Craters of the Moon National Monument - 2008 . . .
on our route to the Pacific Northwest
Craters of the Moon National Monument is located eighteen mile west of Arco, Idaho. At first glance, the unearthly landscape appears like some bizarre alien world. The stark lava features led early travelers to compare the area to the moon's surface.
Have you ever been to the moon?
We think we know what it would be like living on the moon. The campground was like . . . camping on the moon. When the monument was named in 1924, this is what they thought the moon looked like. It was good for our solar panels but not real habitable for humans. The view from our window was all lava rock and ash.
Our second day in Craters of the Moon was very windy. When we returned home, everywhere we had left a window open was covered with a layer of lava ash.
The people next door to us had left their roof vents open - we were told their motorhome had lava ash on all surfaces.
There is a seven mile loop drive. We drove the loop the evening we arrived and again the next morning. There are hiking trails through the park of varying lengths.
The 'volcanoes' at Craters of the Moon are different.
It will be difficult to describe what we saw. We tried to photograph various colors and textures and patterns to the lava flow.
A Cinder Garden . . .
Spatter Cones . . . a sidewalk permitted you to go inside the cone.
The sidewalk . . . Someone going inside . . . Snow in August . . . Mary Lou coming in . . .
Rough texture, close-ups of surfaces . . .
Many of the areas offered handicap access. A curb on the edges kept strollers and wheelchairs on the path. Curbing was also used on the road to keep drivers from pulling off the road.
This particular path led to an overlook for the Spatter Cones.
Some hills were nothing but ash covered. Trees would take root and grow.
The North Crater Flow Trail was very close to the campground. It was a 1/4 mile long asphalt walkway with points of interest identified. This allowed you to examine the volcanic features in detail.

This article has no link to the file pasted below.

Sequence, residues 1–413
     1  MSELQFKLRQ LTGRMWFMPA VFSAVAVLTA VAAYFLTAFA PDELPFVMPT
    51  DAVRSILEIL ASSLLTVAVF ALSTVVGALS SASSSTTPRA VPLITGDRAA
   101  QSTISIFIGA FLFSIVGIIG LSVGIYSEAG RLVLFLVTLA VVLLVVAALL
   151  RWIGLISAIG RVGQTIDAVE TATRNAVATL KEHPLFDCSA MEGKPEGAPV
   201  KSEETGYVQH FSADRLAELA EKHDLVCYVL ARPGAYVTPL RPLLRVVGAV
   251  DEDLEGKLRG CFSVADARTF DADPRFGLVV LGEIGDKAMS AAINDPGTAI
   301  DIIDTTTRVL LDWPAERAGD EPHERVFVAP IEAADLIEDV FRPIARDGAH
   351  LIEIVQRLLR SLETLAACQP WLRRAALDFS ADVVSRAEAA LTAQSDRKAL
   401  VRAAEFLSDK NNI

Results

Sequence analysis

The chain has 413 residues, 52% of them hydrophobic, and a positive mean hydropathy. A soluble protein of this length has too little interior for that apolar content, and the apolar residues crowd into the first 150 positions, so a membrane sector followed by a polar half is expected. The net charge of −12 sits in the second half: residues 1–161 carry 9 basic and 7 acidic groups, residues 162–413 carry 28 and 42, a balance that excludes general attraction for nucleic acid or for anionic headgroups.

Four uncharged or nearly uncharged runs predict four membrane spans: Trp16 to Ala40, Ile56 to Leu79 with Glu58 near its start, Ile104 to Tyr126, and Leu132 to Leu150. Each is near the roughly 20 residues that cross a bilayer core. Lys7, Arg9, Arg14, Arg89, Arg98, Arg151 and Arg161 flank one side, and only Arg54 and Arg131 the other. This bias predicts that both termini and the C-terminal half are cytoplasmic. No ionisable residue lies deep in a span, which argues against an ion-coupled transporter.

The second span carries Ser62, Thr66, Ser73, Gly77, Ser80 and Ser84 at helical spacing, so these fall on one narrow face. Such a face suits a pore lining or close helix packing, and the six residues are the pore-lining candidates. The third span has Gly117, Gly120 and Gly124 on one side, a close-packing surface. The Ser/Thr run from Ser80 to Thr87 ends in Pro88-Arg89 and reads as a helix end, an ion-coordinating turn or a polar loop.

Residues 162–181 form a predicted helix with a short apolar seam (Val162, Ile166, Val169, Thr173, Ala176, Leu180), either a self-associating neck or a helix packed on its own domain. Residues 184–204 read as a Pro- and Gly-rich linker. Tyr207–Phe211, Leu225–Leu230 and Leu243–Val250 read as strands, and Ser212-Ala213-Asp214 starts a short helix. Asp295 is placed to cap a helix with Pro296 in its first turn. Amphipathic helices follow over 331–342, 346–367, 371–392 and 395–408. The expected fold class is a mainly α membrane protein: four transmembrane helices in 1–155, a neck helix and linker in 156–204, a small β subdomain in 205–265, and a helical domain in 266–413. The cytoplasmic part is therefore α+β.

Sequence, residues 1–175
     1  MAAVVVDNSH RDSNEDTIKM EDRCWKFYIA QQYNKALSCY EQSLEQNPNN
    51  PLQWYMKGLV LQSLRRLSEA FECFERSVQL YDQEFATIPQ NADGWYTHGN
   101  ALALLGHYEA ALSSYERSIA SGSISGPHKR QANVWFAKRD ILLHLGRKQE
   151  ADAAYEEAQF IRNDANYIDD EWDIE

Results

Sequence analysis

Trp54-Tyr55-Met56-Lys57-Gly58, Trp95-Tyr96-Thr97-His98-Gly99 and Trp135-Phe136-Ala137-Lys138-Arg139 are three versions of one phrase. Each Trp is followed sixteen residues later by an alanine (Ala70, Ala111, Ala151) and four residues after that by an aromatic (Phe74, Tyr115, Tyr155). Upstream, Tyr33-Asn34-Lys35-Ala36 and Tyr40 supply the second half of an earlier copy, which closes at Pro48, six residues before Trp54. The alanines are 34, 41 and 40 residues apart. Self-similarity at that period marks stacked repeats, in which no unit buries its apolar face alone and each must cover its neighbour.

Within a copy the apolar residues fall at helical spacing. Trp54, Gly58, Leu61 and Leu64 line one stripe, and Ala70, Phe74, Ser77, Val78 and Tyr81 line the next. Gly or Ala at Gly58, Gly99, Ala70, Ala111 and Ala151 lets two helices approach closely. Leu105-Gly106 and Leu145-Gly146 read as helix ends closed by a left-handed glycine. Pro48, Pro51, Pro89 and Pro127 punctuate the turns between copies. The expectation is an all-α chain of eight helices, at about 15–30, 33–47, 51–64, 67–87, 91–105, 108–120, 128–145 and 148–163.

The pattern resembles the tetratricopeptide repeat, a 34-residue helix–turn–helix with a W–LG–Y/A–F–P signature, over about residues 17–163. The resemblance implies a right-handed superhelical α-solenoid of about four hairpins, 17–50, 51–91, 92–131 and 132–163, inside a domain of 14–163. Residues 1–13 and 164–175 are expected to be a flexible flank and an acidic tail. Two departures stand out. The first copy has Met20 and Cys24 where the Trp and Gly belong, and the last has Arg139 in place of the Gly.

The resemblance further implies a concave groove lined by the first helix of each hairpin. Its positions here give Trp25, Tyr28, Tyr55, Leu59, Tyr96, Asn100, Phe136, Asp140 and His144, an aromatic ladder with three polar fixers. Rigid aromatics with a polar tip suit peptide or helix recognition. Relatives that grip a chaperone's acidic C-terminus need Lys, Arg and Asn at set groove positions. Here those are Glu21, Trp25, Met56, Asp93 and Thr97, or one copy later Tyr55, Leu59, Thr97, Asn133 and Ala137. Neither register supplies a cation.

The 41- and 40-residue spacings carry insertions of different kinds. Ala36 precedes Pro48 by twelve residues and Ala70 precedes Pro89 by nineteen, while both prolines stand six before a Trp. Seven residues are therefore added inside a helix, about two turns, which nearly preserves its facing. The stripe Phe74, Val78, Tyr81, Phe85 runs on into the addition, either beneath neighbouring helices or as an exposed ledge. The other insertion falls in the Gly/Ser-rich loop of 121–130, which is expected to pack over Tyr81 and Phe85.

A sign in the parking area of The North Crater Flow Trail pointed to a 'Shortcut to Campground'. Fred walked the 'shortcut' to the top of the hill overlooking the campground. It was so windy at the top, he had to lean into the wind to make his photographs.
From the top of the hill, he could see our HHII.
The campground Amphitheater . . .
When Fred returned, Mary Lou was waiting. We hoped this lava rock did not roll on our truck.
An area of varying patterns . . .
So much lava . . .
This looks like a road in the lava.
A pond ? No, a circle of ash.
More photographs of the HHII . . .
Fred decided he wanted to climb the Inferno Cone.
The surface of Inferno Cone was all loose lava ash.
The view from the top . ..
Smoke from a forest fire . . . viewed from the top of the Inferno Cone.
It is recommended that you arrive in the afternoon so you can drive the loop
road the evening you arrive and in the morning before you leave. This would
not leave you time to take any of the trails. We arrive in the late afternoon
and stayed for two nights. We found the colors of the volcanic materials much
more pronounced in the evening.
Some people come here and see black "rocks", while others see what President Calvin Coolidge described as the "weird and scenic landscape peculiar to itself".
The entrance fee is $8 per private vehicle. The park remains open all year.
Note: There aren't many campgrounds that we like to arrive at in the dark - maybe none. The Craters of the Moon is one NOT to arrive at in the dark. When it get dark, it is really dark. And, all the lave racks are black.
We talked to a RVer who hit a hunk of lava rocks the night before. We barely made it through the road because of the relocated lava rock. Fred got out of the truck and moved it up the hill a little - close to where it came from.
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